The Moderna vaccine is on its way to Florida. According to the initial distribution plan the state released this week, pending emergency use authorization by the U.S. Food and Drug Administration, Florida is preparing to receive 367,000 doses Christmas week.
The Moderna vaccine will be the second FDA-approved coronavirus vaccine after Pfizer-BioNTech. Both vaccines use the same technology and require two doses, but the Moderna vaccine can be stored in a regular freezer. Doses of the Moderna vaccine will be distributed to 173 hospital locations that did not receive doses of the Pfizer vaccine earlier this week. The list spans 43 counties around the state.
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Florida’s Department of Health confirmed on Friday an additional 13,000 additional COVID-19 cases, marking the second consecutive day the state’s daily case count reflects numbers not seen since the spike in mid-July, according to the Florida Department of Health.
On the Florida Roundup, host Melissa Ross spoke with Dr. Jason Wilson, associate director of Tampa General Hospital’s emergency department about his experience with the Pfizer vaccine.
Here’s an excerpt of the conversation.
Melissa Ross: It sounds like the Moderna vaccine is getting far-wider distribution than the Pfizer product that just went to five Florida hospitals, and is that due to the fact that the Pfizer vaccine requires super cold temperatures?
JASON WILSON: Both the Moderna and the Pfizer vaccines are what we call mRNA vaccines, so exciting new vaccine technology that allows for RNA to go into the cell and basically act as an instruction book. We're just creating more and more of the spike proteins to make antibodies against. So similar in that way.
But, like you mentioned, different in the storage and production. Moderna spent a lot of time the past couple of years thinking about how to get their mRNA to store at an easier, kind of logistically, get to temperature, whereas the Pfizer ones are a research-level temperature of negative 70 degrees Celsius. But overall, we're just happy that the mRNA vaccine is rolling throughout Florida.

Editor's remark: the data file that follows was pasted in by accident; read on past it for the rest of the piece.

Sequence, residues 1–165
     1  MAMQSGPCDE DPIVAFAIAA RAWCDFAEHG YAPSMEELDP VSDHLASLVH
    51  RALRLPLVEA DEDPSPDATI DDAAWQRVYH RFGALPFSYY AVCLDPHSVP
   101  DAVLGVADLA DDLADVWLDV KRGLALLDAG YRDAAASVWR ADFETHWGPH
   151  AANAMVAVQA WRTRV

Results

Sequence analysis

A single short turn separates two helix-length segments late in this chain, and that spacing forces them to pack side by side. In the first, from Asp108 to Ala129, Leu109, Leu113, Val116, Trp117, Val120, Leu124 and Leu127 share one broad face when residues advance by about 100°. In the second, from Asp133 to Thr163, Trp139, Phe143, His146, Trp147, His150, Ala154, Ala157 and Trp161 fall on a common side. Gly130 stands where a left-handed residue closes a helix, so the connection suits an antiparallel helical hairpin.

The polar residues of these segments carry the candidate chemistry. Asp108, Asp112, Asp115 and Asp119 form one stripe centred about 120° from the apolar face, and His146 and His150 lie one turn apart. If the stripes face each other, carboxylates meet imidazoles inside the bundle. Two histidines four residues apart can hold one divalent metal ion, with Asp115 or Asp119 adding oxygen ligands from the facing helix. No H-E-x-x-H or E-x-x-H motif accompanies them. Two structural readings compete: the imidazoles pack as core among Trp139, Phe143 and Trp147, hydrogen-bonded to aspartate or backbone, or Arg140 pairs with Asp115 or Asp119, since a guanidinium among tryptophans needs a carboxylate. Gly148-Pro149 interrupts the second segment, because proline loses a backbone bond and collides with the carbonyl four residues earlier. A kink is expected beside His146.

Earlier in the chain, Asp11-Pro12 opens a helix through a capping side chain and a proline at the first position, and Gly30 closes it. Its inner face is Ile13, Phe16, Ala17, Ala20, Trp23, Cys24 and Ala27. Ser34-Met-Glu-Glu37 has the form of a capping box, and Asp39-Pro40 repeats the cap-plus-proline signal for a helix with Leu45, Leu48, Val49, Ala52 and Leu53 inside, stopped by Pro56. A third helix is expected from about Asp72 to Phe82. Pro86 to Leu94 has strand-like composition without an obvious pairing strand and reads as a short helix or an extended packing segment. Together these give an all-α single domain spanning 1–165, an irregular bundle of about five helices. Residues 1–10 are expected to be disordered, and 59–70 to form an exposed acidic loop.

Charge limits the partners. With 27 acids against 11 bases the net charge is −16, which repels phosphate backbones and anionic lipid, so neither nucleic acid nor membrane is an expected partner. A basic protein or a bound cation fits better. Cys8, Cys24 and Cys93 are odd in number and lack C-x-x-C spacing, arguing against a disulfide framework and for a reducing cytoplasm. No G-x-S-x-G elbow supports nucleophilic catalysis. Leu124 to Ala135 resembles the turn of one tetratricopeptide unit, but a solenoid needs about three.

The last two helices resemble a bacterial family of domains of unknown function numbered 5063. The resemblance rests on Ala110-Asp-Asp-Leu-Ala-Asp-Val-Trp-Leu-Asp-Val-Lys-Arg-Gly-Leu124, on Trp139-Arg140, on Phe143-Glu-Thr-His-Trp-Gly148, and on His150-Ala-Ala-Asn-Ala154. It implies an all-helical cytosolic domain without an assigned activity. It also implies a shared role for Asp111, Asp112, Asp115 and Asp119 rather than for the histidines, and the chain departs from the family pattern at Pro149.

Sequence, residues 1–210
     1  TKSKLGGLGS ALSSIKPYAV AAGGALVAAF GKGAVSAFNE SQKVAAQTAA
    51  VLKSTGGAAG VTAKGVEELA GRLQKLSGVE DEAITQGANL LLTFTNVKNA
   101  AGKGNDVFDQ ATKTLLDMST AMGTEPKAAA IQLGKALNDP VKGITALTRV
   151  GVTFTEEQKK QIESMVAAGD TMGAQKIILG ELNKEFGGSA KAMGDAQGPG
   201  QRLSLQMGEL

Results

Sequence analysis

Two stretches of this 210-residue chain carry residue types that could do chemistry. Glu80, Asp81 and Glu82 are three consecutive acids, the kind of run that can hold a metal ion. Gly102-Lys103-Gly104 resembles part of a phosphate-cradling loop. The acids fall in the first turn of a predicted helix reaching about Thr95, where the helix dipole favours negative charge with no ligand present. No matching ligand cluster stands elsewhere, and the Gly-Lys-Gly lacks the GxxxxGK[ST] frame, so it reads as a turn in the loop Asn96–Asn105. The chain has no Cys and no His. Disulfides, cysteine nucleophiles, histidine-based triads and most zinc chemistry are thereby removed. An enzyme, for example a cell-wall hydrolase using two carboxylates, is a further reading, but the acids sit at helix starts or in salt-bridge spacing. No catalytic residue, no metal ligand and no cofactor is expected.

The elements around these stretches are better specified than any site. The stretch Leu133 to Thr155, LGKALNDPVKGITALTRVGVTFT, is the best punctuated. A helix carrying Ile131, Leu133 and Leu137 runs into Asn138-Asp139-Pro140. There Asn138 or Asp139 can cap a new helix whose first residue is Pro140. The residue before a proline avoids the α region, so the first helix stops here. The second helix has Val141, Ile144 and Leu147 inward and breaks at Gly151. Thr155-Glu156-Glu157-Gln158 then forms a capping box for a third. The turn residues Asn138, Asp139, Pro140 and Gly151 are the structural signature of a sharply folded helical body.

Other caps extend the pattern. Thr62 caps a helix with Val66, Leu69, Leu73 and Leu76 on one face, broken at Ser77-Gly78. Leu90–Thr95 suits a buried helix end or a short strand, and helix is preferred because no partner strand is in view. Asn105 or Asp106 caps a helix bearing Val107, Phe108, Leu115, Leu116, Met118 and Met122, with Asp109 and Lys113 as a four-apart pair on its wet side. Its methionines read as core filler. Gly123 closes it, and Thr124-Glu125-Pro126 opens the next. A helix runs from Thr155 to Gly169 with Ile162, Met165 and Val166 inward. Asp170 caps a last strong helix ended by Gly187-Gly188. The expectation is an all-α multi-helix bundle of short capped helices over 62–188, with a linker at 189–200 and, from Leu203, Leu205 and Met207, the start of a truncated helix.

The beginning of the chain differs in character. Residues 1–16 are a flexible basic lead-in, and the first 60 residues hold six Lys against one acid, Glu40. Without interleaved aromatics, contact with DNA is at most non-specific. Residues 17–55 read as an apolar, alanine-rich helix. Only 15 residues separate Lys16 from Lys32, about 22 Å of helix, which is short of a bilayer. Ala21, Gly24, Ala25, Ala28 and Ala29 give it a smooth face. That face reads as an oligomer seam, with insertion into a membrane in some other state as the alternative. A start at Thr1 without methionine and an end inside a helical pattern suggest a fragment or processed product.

Ross: Absolutely, it's rated as 95 percent effective. That's my understanding, with relatively few adverse reactions and side effects. Tell us a little bit more about how people have been responding to the shot.
WILSON: I got my shot on Tuesday, and really things have gone very well, and I'm still here talking to you. A couple of doctor friends and nurse friends of mine who also got their shots and, you know, just talking to everybody.
Things have been going very well. Most of us have complained, you know, about the same things we get from a flu shot or a tetanus shot. I did have some soreness in my arm the next day. But after 48 hours, everyone was doing much better — a couple of people who’ve had COVID-19 before maybe had a little bit more soreness, and maybe some muscle soreness throughout the body as well. But again, everybody was better at 48 hours. And this seems to mimic really well with what we're seeing from the published data in the New England Journal of Medicine article on Dec. 10 for the Pfizer vaccine.
And the Moderna data was released by the FDA. We expected about 85 percent of people are going to have some soreness at the injection site. But really overall, we should expect very few side effects. Now, the Pfizer vaccine, we have two, maybe three allergic reactions, severe allergic reactions. But when you consider the whole world is watching, and there are thousands and thousands of people getting vaccines into their arms right now, that's a pretty low number of side effects so far. So I think what we're seeing, the real world is really affirming what we saw in the studies thus far.